LOUISVILLE, Ky. — In mid-December, when the first vials of COVID-19 vaccine arrived in Kentucky, workers with Teamsters Local 89 played a pivotal role in delivering them from airplanes to arms.

What You Need To Know

  • Teamsters Local 89 held a vaccine clinic Friday

  • In December, members of the union helped developer vaccines around Kentucky

  • Two union members said they came out to get their shots because the clinic was convenient

  • The clinic administered Johnson & Johnson vaccines

“The people who took the vaccines off the planes and put them on UPS trucks were Teamsters,” said Avral Thompson, Secretary-Treasurer for the union that represents more than 16,000 workers in Kentucky and Southern Indiana. “The UPS truck drivers were Teamsters. We played a big role.” 

On Friday, the vaccines came to them. In partnership with UofL Health, the Teamsters Local 89 hall in Louisville held a vaccine clinic for members, their families, and anyone else in the neighborhood who hasn’t yet been vaccinated against COVID-19. 

“We believe that these vaccines will save lives,” said Thompson, who added that vaccine uptake among Teamsters has been high.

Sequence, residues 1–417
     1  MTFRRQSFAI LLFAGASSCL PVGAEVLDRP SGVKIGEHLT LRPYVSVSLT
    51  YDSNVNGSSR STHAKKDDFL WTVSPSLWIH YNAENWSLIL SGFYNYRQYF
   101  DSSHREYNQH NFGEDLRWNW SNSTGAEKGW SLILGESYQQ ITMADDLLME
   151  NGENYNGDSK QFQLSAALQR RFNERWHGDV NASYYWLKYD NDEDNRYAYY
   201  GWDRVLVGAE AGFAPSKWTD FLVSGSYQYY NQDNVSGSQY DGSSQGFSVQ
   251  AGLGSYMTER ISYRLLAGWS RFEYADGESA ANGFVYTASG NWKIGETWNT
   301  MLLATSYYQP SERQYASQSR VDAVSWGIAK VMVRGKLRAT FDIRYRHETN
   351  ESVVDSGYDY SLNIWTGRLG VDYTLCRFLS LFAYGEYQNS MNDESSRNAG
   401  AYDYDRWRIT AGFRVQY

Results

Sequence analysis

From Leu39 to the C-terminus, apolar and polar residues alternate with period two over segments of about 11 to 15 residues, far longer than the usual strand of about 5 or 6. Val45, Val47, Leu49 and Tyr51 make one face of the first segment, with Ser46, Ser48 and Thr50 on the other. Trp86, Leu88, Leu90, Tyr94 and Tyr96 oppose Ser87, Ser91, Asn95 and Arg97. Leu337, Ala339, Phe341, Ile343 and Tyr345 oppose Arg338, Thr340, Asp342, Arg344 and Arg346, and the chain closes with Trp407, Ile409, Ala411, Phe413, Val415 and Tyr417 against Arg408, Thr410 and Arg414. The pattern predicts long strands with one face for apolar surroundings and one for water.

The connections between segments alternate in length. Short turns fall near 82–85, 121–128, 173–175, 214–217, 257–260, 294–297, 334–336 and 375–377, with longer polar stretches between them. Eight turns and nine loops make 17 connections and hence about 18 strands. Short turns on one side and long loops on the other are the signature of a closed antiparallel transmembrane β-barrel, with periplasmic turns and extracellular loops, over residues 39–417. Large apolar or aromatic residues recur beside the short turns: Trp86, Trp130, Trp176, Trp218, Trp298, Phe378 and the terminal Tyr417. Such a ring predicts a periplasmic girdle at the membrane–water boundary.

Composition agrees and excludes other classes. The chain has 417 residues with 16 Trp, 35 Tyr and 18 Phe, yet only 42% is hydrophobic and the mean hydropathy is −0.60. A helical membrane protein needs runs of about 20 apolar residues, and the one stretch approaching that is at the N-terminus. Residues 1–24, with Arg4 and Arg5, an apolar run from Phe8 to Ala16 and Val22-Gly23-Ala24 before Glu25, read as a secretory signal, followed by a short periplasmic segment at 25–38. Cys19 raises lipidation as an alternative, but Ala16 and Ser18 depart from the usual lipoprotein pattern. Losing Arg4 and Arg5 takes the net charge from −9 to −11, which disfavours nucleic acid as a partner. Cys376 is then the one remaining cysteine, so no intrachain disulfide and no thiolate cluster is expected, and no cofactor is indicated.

Other local unions, including the United Auto Workers and the United Food and Commercial Workers, have helped organize vaccinations for members. Like churches, labor unions are seen as a trusted advocate by workers, making them natural hosts for vaccine clinics.

Thompson said bringing a pop-up clinic to the Taylor Boulevard union hall also gave locals a chance to walk or drive up for a vaccine, no appointment required. Administering the one-dose Johnson & Johnson vaccine made the process even easier. “We were excited to help the community, along with our members,” Thompson said. 

Levi Lessman and Carissa VanGlider were two of those members. The duo drove up from Valley Station around noon Friday after learning about the clinic from Teamsters fliers.

As essential workers, they’ve been eligible for vaccination in Kentucky for months. But it was the ease of Friday’s clinic that drew them out to get shots. 

“It was really convenient not having to set up an appointment, just being able to come out and get it,” Lessman said.

VanGlider said it was meaningful to get the vaccine after participating in its rollout months before. "I feel really proud to have contributed," she said. "Not everyone can say that."